Dec. 1, 2004

TSA asks Analogic Corp. to build better bomb detectors for airports

Last month Analogic Corp. in Peabody, Mass., won a contract from the U.S. Transportation Security Administration (TSA). Analogic will develop the TSA’s Manhattan II project, an effort to build threat-detection and discrimination capabilities for scanning checked luggage carried onboard aircraft and other applications. Analogic has already received funding under two other grants through TSA’s Phoenix program. The first grant went to Lockheed Martin and Analogic to design and develop continuous performance enhancements for existing explosive detection systems (EDS). The second award was a multimillion-dollar grant to Analogic to ­design a networkable EDS with high throughput and detection capabilities. Over the past several years Analogic has supplied more than 525 Explosive Assessment Computed Tomography (EXACT) Systems to both domestic and international airports including Israel’s Ben Gurion Airport, Singapore’s Changi Airport, and Italy’s Fiumicino and Ciampino airports.

FBI buys night vision gear from ITT Industries

Agents at the U.S. Federal Bureau of Investigation (FBI) will use night vision pocketscopes from ITT Industries Night Vision, of Roanoke, Va., under the terms of a $4.9 million contract awarded last month. ITT’s NE 6010F pocketscope uses Generation 3 image intensifier technology, providing visibility in extreme-low-light conditions. Compact and lightweight, it can be hand-held as a monocular, or camera-mounted as a night vision lens for either 35-mm or video cameras. Since Sept. 11, 2001, the need for this life-saving night-vision technology has increased with federal and state/local law enforcement agencies’ increased Homeland Security responsibilities. During the past several years, ITT has supplied the FBI with ground and aviation night ­vision goggles, similar to what it provides Department of Defense (DOD) military forces. “In our current environment, the need for timely and accurate intelligence is more critical than ever,” says Gary Hopkins, contracting officer for the FBI. “Night vision technology allows us to conduct our missions 24 hours a day - it’s a must-have for the FBI.”

NSA names a technology scout

Leaders at the U.S. National Security Agency (NSA) are always on the lookout for new technologies to serve their intelligence-gathering mission. Last month they picked Chesapeake Innovation Center (CIC) in Annapolis, Md., for a $445,000 contract to act as a scout for new technology. Over the next year, CIC engineers will find small companies with new technologies in informatics and information assurance software. Informatics software finds knowledge buried in vast volumes of data. CIC advisors will then help those companies meet NSA’s business and technological requirements. “We are creating a bridge to carry powerful technological innovations from small enterprises into the NSA,” says John Elstner, chief executive officer of the CIC. “By helping entrepreneurs build their technology businesses and navigate the often complex federal procurement system, we can speed the delivery of technological solutions to the end users who need them the most.” The CIC is a public-private partnership initiated by the Anne Arundel Economic Development Corp. It acts as a business incubator focused on homeland and national security. For more information, see The National Security Agency/Central Security Service is America’s cryptologic ­organization, charged with directing specialized activities to protect U.S. information systems and produce foreign intelligence information.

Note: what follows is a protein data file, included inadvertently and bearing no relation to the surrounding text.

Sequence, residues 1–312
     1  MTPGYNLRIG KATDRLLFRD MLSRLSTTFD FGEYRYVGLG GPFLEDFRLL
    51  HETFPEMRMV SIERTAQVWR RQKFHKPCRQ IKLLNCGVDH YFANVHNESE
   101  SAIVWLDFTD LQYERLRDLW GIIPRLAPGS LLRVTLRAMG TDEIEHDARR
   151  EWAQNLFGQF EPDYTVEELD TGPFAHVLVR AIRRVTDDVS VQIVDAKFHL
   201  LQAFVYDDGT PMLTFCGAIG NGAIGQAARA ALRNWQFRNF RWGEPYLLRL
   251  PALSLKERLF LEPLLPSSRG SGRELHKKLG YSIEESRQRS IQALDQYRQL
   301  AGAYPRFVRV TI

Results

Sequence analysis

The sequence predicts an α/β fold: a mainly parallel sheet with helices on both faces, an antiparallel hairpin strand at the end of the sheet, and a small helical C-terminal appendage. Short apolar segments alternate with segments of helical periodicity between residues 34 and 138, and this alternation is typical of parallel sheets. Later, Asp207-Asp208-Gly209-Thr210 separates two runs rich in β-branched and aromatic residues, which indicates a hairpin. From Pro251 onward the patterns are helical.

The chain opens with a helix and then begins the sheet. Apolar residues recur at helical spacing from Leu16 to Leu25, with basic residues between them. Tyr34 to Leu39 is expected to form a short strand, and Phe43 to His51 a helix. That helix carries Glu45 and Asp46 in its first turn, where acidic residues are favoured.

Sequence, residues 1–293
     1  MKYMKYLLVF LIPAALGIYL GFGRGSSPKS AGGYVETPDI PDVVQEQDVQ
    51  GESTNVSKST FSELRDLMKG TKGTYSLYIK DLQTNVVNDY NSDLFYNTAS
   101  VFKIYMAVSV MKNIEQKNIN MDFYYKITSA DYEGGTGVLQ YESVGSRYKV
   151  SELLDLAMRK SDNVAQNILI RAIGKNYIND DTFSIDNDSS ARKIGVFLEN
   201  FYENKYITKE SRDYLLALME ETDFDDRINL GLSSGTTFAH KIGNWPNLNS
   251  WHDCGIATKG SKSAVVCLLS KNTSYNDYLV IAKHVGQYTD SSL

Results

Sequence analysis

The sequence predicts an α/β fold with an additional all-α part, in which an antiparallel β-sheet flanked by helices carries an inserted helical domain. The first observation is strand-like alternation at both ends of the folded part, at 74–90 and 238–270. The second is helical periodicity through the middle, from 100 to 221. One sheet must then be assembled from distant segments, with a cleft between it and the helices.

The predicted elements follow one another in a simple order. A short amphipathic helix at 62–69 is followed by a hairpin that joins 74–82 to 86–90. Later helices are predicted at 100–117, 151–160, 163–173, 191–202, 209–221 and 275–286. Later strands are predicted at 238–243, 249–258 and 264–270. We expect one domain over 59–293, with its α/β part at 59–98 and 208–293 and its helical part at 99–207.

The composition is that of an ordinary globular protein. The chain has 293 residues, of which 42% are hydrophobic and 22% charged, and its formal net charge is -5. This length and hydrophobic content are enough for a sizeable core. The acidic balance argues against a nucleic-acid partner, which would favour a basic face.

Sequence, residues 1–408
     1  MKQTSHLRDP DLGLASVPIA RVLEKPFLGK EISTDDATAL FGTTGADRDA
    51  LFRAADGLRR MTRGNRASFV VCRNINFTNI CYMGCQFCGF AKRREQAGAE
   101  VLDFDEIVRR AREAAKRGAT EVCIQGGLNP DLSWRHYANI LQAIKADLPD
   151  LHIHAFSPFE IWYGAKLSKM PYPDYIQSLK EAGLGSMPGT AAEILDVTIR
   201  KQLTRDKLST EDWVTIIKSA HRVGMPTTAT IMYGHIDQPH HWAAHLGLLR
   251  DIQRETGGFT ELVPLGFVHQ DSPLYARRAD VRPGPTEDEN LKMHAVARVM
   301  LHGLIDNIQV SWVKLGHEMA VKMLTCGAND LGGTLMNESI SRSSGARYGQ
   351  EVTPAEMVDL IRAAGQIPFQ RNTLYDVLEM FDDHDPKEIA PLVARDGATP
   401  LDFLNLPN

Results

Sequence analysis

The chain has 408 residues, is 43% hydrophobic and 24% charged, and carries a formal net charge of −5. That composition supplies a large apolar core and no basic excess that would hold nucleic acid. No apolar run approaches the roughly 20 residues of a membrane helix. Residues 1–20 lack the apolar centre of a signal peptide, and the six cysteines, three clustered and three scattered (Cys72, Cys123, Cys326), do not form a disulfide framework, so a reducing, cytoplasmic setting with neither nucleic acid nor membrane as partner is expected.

Alarm industry will track policies with new database

Law enforcement and government agencies need information on alarm policies, to judge their impact on public safety. That is why the Security Industry Alarm Coalition (SIAC) will create a centralized, national, ordinance-tracking database to provide standardized information on alarm ordinances and policies. SIAC will launch this Ordinance Tracking Information System (OTIS) in the first half of 2005. “Insurance companies are concerned with the growing trend toward non­response to citizens’ alarms by some jurisdictions and they have an ongoing need for information on non­response jurisdictions,” says SIAC Executive Director Stan Martin. “OTIS will be a research tool for alarm companies operating on the local, regional, and national level. It will provide valuable information to law enforcement, policymakers, third-party monitoring companies, and proprietary providers such as State Farm, Auto Zone, and Federal Express.” The Security Industry Alarm Coalition (SIAC) is a nonprofit organization that strives to improve the lines of communication between law enforcement and end users, including the 30 million alarm system users in homes and businesses throughout North America. For more information see

Coast Guard Auxiliary grows into its post-9/11 mission

The new National Commodore of the U.S. Coast Guard Auxiliary, Commodore Gene Seibert, will lead the service through its transformation into a post-9/11 agency. His first task is to lead the service’s 35,000 uniformed volunteer members in their combined mission of maritime safety and security, as well as homeland security and recreational boating and marine and environmental safety programs. Seibert began his two-year term last month when he relieved Commodore Bill Edgerton in a change-of-command ceremony at Coast Guard headquarters in Washington. “The overarching mission of the U.S. Coast Guard Auxiliary is to contribute to the safety and security of our citizens, ports, waterways and coastal regions,” he says. “We will balance our missions of recreational boating safety and Coast Guard support with maritime homeland security and other challenges that emerge as a result of our growing understanding of changes required in the post-9/11 era.” For more information, see

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